“I lift up my eyes to the hills. From where does my help come? My help comes from the Lord, who made heaven and earth.” (Psalm 121 ESV)
One of the great things about the summer for our kids is the opportunity to attend a camp, whether it is an overnight go-away camp or just a local day camp through a church or private organization.
It is, however, a challenge for our special needs kids because of the extra support they require, and it is a real blessing when they have a qualified one-to-one aide to support them there. But there is always a fair deal of anxiety, at least for me, since even when it is a camp with a special needs focus, you still wonder if the person will be a match for our child.
This year, our 11 year old non-verbal autistic son attended one week of a day camp at our local YMCA, along with some other special needs friends from his school community. I thought it would be great initially, since I thought it would be a wonderful experience, but I didn’t relax until my wife let me know who his one-to-one aide was, his Special Olympics swim coach. This is a man who runs a wonderful program at the YMCA for our special needs kids with private swim lessons and also coaches and trains them to compete, and above all else he is a loving and a caring man.
The week my son attended camp turned out to be one of the highlights of our year, as every day we received pictures his coach would send us of him engaged in a variety of activities, including sports in the gym and on the field, swimming and games. The tears would fill my eyes as I saw the evidence of my son interacting with his peers in typical ways, not looking out of place or unhappy with his surroundings, but with huge smiles and the joy of a child at play. My favorite memory is the short video I received of him practicing to shoot a basketball in the gym with the help of another counselor, a skill he has really been trying to learn for sometime.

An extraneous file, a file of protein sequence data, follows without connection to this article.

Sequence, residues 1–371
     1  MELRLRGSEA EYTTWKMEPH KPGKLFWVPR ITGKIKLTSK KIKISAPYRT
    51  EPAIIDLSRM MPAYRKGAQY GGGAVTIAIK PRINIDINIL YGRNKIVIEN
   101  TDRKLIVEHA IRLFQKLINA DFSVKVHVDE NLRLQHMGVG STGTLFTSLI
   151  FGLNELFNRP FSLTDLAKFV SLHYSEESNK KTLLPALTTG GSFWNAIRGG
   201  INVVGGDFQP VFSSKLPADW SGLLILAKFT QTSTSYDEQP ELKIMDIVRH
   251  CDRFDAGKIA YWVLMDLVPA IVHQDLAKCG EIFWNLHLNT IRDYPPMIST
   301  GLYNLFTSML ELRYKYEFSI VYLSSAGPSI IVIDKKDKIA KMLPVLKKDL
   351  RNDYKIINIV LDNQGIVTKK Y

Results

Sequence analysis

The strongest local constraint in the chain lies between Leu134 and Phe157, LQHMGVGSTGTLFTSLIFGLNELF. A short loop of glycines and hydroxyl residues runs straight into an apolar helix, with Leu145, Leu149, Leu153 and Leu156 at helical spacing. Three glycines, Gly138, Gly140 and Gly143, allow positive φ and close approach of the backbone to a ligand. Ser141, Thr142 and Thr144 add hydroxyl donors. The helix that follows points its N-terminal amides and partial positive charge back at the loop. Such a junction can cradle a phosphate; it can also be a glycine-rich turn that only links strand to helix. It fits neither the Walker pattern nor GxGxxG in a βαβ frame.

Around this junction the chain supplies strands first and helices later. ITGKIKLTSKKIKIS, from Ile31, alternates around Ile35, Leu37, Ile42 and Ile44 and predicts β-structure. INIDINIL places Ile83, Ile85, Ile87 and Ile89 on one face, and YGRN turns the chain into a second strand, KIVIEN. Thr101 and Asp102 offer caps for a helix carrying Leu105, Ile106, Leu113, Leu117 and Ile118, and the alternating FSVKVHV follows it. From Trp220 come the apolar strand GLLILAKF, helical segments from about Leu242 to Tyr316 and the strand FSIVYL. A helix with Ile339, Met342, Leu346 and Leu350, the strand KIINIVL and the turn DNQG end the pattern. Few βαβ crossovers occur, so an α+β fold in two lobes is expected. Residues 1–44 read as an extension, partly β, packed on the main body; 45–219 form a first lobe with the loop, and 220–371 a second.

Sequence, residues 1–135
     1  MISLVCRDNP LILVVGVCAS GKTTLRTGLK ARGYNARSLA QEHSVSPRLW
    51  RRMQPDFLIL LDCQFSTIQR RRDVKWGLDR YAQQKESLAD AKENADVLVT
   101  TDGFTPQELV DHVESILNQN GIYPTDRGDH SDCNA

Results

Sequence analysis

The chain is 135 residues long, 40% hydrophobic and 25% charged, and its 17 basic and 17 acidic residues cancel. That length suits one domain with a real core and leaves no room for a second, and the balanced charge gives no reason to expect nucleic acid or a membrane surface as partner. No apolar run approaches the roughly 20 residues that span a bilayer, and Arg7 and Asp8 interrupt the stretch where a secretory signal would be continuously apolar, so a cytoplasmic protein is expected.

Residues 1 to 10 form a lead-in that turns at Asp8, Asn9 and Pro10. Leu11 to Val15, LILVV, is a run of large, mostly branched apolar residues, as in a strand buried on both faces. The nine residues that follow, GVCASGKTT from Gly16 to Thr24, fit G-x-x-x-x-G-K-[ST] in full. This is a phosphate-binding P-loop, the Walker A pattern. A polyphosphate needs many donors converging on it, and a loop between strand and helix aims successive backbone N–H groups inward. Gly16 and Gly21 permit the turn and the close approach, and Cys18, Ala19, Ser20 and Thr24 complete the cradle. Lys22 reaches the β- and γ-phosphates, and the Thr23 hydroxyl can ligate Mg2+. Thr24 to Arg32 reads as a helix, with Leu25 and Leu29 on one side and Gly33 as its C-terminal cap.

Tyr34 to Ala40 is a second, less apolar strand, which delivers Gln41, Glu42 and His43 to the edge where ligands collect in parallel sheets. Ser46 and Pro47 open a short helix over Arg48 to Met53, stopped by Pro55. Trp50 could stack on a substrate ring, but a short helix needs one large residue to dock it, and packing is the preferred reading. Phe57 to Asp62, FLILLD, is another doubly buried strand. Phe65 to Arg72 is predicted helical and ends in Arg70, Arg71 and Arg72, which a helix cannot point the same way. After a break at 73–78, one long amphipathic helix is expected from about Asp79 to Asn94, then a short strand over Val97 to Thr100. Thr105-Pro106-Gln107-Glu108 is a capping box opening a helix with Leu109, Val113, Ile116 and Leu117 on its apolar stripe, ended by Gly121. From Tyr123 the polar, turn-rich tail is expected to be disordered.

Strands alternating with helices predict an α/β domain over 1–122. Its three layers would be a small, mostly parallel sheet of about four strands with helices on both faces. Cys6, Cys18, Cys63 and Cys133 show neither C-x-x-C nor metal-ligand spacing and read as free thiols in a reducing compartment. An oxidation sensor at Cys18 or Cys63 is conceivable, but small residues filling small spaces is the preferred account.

All of this would not have been possible if it wasn’t for his coach, who didn’t need to go out of his way to support just one student, but his love and kindness showed through when we needed him. It was a profound reminder that when we think something is impossible for our kids, God can make a way by bringing just the right people into our lives when necessary. Our prayers for him to have a good experience were not just answered, we were exceedingly blessed because he had the one person that fit him the best.
A week later when we were on a camping trip, I was playing with my son in the arcade room at the resort, and he was immediately drawn to the basketball shooting game way back in the corner. This is the type of game he had played many times in the past and I knew he really enjoyed playing, but many times in the past it had been somewhat difficult for him because he lacked the gross motor skills to do it easily. However as he ran up to the game now, he easily picked up the balls and pushed them up from his chest appropriately, the result being the balls traveled to the hoop and either rebounded or went right in, something that he was never successful at.
My mind immediately raced back to the video I watched with the counselor who helped practice the skill with my son repeatedly. That would not have been possible without the gift of our son’s very special one-to-one aide that showed up at just the right time and became the special “angel” we needed then.
I know there may be some activities or programs that he may not always be equipped for, but I also know that if we pray for help, help will come and we can trust that it will be better than expected.
Written by John Felageller
John lives in Northbrook, IL with his wife Elizabeth and his son Christopher (ASD), and is currently an Elementary Teacher at a Charter School in Chicago, IL. He is a regular contributor to Key Ministry’s Special Needs Family blog, and is both a live presenter and on Key Ministry’s Facebook page. He coordinates a Special Needs Dads meet-up in his community and works with several other local Special Needs organizations that serve both parents and children.
Connect with John on his Facebook page here.